Sadly, there's no one-fit-all solution when hiring a designer. You should estimate your budget, communicate with your team, understand the core objectives of hiring a new team member, and consider many other aspects (like the level of expertise, skills, and competencies) vital for your team and your business.

💡Be specific when defining the goals, needs, and deal-breakers when hiring a designer. You're more likely to find a candidate perfect for your company if you know what gaps you need to fill and what qualities and skills you're looking for.

Chapter 3

Where to find your ideal designer

You know the kind of designer you want and the kind of role you want them to perform on your team, so what’s next? Recruitment! But before you think of recruiting, define all the details of the role in the form of a thorough job description to ensure that you and the job applicants are on the same page.

A good job description acts as a vetting agent that only brings you candidates who fulfill your requirements. It also informs applicants of what your company can offer them in terms of scope of work, growth, and remuneration — making sure that their time or effort isn’t wasted.

How to write a job description that attracts the right talent

You may wonder if having a job description is optional while recruiting. The answer is absolutely not. Irrespective of the medium of recruitment, have a job description in hand to provide to any interested candidates. It is one of the best ways to attract talent. So the next question is, how do you write a great job description that attracts the kind of talent you’re looking for?

Describe the company

Start by describing your company — what you do, who you serve, what are the products and services you offer, and what your vision is as a team. It might also be a good idea to briefly describe your company culture. Are you a fast-paced organization with an emphasis on deadlines and results? Or are you a laid-back team that focuses on quality of output and work-life balance? Neither approach is wrong per se, but each person thrives differently under different environments, and letting them know what they can expect when working with you can help them make an informed decision.

Decide on a title and describe the job

The next natural step in the job description is to indicate the job title with a clear focus on the seniority level. Are you looking for a Junior UX Designer or a Senior UX Designer? Once you’ve coined the title, go on to describe what their day-to-day would look like in your company. What are the tasks they would have to perform? Who are the team members they would work with, and who would they report to? This step will further reduce the pool of prospective candidates and only attract those that match your expectations.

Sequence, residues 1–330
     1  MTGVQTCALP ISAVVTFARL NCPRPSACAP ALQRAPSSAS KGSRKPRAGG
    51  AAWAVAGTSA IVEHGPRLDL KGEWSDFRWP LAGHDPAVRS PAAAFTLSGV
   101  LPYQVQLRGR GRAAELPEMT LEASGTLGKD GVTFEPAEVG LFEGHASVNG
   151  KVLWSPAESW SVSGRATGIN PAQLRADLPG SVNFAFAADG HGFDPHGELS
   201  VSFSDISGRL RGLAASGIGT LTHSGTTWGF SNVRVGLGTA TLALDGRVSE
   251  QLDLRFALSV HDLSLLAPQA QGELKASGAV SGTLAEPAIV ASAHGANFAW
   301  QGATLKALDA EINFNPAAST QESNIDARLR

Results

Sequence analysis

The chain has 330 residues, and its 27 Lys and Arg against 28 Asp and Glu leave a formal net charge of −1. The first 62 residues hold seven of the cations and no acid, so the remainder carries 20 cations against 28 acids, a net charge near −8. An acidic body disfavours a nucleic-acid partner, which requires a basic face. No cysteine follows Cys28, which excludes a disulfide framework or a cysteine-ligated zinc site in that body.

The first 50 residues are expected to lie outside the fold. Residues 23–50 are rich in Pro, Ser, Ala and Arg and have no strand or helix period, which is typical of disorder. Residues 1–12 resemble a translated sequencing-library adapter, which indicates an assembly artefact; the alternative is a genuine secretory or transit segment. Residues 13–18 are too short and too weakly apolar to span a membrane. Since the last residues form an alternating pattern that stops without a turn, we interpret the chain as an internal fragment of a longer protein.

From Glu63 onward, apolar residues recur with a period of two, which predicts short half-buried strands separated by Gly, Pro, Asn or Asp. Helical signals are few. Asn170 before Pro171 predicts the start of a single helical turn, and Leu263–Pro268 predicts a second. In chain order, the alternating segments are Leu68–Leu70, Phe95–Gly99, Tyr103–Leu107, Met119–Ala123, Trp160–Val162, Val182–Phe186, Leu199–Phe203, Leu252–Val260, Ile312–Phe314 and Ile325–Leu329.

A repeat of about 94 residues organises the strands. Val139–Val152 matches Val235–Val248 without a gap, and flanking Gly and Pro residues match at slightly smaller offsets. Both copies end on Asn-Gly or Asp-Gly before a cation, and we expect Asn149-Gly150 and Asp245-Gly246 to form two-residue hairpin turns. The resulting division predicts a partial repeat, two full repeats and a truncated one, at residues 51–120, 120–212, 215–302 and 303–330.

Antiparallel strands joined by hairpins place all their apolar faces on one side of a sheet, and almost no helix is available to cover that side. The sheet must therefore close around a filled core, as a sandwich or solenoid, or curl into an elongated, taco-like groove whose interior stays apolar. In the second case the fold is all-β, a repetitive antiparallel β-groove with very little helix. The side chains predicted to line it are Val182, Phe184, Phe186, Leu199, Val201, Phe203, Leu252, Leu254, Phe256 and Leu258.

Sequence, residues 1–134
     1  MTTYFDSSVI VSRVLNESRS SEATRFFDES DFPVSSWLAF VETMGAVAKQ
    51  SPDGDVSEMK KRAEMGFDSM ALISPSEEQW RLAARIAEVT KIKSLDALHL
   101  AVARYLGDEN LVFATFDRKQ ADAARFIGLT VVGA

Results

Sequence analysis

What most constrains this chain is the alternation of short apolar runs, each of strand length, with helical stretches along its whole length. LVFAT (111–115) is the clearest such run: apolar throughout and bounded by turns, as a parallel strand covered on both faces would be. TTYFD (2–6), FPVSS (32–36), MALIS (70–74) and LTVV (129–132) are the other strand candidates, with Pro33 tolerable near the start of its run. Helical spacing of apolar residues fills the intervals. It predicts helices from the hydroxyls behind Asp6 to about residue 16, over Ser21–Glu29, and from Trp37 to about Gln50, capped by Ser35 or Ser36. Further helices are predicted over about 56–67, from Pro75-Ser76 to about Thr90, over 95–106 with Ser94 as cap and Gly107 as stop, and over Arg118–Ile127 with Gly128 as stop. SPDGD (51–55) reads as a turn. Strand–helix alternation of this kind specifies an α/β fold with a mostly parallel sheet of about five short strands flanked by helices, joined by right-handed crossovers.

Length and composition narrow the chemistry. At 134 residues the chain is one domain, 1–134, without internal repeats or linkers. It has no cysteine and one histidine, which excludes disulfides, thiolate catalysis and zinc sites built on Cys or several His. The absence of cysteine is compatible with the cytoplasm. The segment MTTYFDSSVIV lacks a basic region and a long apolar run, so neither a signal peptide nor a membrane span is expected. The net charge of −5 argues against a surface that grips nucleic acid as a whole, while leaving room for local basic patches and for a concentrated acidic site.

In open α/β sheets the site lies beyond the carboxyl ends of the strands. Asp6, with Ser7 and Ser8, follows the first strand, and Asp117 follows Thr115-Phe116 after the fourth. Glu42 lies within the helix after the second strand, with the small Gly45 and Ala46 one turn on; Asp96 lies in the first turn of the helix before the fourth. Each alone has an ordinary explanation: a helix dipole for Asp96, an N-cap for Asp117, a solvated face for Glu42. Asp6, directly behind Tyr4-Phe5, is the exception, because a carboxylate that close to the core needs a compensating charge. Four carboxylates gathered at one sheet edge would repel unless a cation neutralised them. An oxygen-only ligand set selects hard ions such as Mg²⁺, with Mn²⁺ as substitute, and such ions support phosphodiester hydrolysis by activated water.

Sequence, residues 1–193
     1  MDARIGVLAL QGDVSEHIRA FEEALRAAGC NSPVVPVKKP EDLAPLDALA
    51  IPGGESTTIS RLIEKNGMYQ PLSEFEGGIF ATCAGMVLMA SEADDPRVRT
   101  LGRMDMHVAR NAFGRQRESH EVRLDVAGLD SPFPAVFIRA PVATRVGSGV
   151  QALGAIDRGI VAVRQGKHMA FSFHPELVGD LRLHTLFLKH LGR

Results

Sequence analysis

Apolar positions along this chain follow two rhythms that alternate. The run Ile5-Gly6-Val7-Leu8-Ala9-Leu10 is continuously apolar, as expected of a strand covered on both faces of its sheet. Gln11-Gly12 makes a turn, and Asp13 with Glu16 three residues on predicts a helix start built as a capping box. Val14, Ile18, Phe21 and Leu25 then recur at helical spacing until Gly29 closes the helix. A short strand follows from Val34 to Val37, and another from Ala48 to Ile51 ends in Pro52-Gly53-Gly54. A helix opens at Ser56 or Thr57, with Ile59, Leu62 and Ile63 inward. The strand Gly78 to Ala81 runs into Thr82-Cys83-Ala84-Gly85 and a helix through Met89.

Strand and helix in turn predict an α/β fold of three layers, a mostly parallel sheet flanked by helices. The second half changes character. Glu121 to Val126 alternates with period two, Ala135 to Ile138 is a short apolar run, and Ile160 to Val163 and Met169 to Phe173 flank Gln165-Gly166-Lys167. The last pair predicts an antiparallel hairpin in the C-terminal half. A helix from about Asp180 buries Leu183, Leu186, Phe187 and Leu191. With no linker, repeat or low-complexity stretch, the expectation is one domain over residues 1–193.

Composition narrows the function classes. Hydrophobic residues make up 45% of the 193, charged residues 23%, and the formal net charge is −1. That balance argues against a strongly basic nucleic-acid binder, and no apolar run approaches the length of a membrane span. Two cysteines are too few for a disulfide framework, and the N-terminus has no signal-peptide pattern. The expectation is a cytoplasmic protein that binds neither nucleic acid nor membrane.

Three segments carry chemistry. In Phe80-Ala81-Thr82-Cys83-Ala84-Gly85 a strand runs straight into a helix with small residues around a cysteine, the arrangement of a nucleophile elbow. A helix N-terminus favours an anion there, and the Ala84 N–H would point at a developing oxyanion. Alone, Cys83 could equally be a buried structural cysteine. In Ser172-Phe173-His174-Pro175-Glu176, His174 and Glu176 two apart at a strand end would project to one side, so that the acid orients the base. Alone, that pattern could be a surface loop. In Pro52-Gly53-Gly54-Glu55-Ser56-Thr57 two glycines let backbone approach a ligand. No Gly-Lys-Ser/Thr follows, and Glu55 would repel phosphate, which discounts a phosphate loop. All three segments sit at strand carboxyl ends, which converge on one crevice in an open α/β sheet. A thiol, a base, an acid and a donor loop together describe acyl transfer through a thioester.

💡Pay attention to the tone of your UX job description since it often serves as the first impression of your company culture to prospective candidates. Make sure that your tone is reflective of your brand identity.

List your requirements and nice-to-haves

Once you’ve got the basics covered, get into the nitty-gritty of things. First, explain what your non-negotiable requirements are. "Some companies require a specific degree for a design position. Of course, minimum qualification is required, but we'd like to see a candidate's skills," shares Carrie Cardona, Principal Product Design Recruiter at Netflix.

The qualifying criteria for candidates can be tailored according to your needs and include:

You can also mention a few negotiables or nice-to-haves. For instance, if you think that it would be convenient if candidates are located in your time zone when working remotely, but it isn’t mandatory, go ahead and mention it.

💡More often than not, it might be impossible to find design candidates who match every criteria. Be flexible in your approach and consider hiring promising candidates opportunistically. If they, for example, match 6-7 out of the 10 skills you’re looking for, consider if the remaining skills can be learned on the job.

Tell them how to apply and the deadlines

You could follow all the steps above and still not get the right candidates for your job if you skip the final step of letting them know how to apply. You could invite them to click on the apply button on a job listing, send an email to your HR representative, or follow a link to an application form. Also, don’t forget to clearly mention the application deadline, if there is one.

Here’s an example of a great job description that leaves no detail to question.

Where to find designers

Once you have your job description ready, decide on where you’ll carry out your recruitment. This decision depends on factors such as your recruitment budget, the type of candidates you’re looking for (freelancers or in-house specialists), and your recruitment deadlines.

The places to look for designers include:

Job listings and active recruiting

UX Job lists on apps such as Uxcel Job Board, Indeed, LinkedIn, Glassdoor, Monster, Work in Startups, AngelList, etc., are a good way to post UX jobs to attract full-time, in-house designers. These platforms are widely popular among job-seekers, so posting on such platforms tends to attract a large pool of applicants.

You can also carry out active research and recruit candidates on apps like LinkedIn by reviewing their profiles and contacting them with a proposition directly if they seem like a good fit.

Freelancing gig platforms